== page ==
The Screen as the Space for Utopia: From Metropolis to Mars, Changing at Gorky Park. A Lecture by Vsevolod Korshunov

Cinetecture. Lecture Cycle
11 July 2018


The lecture explores cinema’s ability to transform the real world and generate new non-existent spaces.

Cinema’s ability to present reality as it is has always remained questionable. The frame, perspective, and editing all contribute to the making of a new version or interpretation of the real world.

Lev Kuleshov on his cutting table constructed a "created surface of the Earth"; Sergei Eisenstein split the world into frame atoms and reassembled them into new worlds like a demiurge; Fritz Lang converted the expressionist “externalization” into an objectivist chronotope of the future. Whether real or built for the film set, works of architecture have come to be seen as utopian metaphors of harmony, order, control and hierarchy.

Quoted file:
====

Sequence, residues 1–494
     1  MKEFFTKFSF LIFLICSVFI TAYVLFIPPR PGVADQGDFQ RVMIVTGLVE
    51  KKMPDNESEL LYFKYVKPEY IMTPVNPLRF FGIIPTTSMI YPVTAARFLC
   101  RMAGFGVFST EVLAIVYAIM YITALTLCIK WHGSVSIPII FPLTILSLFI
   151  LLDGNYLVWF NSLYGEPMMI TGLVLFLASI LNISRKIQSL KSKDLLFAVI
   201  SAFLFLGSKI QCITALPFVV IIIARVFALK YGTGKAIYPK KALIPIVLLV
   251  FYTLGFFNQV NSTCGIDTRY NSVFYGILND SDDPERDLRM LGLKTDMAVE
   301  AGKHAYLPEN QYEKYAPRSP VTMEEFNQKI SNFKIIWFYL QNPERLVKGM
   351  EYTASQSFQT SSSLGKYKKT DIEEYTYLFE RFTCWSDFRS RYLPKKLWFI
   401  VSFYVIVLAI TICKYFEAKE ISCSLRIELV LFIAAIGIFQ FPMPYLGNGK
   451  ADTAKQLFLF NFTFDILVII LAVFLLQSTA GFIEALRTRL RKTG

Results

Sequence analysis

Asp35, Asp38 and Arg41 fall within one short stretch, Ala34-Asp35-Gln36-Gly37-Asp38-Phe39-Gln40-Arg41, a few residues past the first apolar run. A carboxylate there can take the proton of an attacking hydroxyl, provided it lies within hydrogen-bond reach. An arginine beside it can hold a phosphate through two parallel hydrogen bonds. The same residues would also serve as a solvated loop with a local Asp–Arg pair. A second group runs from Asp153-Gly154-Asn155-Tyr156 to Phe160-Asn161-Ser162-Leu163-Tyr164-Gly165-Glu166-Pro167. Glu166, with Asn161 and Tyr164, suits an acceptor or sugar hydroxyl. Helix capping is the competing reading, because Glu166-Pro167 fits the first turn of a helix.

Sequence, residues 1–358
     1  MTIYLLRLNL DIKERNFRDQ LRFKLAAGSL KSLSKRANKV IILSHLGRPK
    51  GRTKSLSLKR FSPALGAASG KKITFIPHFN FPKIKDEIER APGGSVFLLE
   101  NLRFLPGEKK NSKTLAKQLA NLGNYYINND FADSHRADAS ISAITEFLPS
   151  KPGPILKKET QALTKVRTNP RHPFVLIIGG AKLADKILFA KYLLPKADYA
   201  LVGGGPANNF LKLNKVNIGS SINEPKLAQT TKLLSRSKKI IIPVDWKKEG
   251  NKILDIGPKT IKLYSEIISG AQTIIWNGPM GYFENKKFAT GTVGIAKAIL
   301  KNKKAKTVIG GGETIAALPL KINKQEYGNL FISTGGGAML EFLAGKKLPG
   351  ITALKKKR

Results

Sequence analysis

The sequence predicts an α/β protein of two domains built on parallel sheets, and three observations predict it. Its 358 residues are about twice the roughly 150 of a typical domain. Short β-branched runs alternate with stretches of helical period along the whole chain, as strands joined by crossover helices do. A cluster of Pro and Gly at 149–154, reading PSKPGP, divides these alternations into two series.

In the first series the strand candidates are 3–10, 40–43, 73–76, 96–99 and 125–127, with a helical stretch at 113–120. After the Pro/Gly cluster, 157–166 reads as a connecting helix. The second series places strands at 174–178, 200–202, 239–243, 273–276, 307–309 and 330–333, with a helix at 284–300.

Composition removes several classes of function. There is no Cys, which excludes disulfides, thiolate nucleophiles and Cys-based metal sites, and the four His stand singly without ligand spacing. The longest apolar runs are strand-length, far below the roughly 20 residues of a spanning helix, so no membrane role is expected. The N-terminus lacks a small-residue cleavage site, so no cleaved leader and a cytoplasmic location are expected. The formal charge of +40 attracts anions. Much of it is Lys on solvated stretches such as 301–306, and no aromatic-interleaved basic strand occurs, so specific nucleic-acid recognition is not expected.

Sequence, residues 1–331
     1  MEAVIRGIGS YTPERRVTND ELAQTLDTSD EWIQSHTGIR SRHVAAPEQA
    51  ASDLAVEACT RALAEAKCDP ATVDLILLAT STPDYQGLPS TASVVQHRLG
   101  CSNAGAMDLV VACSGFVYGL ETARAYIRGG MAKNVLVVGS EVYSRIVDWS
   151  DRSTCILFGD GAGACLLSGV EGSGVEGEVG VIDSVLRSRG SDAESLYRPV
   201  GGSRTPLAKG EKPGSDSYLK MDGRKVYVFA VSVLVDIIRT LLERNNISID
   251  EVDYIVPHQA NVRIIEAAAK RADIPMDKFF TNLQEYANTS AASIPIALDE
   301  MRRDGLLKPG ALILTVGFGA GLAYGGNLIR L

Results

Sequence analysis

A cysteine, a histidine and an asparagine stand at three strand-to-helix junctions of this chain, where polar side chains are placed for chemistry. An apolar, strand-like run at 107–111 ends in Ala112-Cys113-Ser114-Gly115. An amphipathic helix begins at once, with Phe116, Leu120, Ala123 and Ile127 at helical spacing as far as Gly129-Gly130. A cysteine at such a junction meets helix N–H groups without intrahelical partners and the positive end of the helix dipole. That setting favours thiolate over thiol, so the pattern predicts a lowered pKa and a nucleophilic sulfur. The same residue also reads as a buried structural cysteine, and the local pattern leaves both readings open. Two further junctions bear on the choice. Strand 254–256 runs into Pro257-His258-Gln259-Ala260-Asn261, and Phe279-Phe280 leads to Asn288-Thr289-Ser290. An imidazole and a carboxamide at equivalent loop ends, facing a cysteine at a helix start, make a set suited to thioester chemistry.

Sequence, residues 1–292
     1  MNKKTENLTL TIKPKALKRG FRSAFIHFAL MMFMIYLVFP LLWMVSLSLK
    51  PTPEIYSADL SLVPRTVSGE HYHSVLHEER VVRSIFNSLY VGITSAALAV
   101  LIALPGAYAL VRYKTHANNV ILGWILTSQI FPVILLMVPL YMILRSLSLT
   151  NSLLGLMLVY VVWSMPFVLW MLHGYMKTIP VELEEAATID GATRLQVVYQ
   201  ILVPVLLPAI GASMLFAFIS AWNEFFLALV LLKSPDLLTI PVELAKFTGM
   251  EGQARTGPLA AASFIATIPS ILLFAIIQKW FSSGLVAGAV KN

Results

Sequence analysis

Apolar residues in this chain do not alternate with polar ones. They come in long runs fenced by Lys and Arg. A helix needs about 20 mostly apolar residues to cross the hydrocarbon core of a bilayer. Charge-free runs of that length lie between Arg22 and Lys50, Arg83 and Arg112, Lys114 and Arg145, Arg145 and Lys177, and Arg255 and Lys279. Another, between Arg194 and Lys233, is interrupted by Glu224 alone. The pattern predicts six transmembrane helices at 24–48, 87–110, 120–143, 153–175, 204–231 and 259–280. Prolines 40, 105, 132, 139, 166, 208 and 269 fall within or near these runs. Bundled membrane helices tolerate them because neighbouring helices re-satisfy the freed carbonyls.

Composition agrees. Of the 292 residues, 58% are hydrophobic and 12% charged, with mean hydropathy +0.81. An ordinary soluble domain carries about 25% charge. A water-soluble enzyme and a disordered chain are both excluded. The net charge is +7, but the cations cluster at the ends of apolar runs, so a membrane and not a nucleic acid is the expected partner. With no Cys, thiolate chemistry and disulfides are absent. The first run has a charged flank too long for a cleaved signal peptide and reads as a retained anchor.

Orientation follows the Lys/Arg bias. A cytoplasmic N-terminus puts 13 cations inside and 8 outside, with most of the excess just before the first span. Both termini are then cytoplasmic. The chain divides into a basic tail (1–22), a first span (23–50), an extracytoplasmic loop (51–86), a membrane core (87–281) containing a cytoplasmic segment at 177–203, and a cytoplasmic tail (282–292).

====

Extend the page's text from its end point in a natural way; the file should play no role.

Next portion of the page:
Vsevolod Korshunov is a screenwriter, editor, and film scholar. He is a doctoral candidate of art history and the head of the documentary film department at Rossiya — Kultura TV channel. He teaches at Gerasimov Institute of Cinematography (VGIK) and has developed the courses "The History of Film" and "Contemporary Film" for Moscow Film School.


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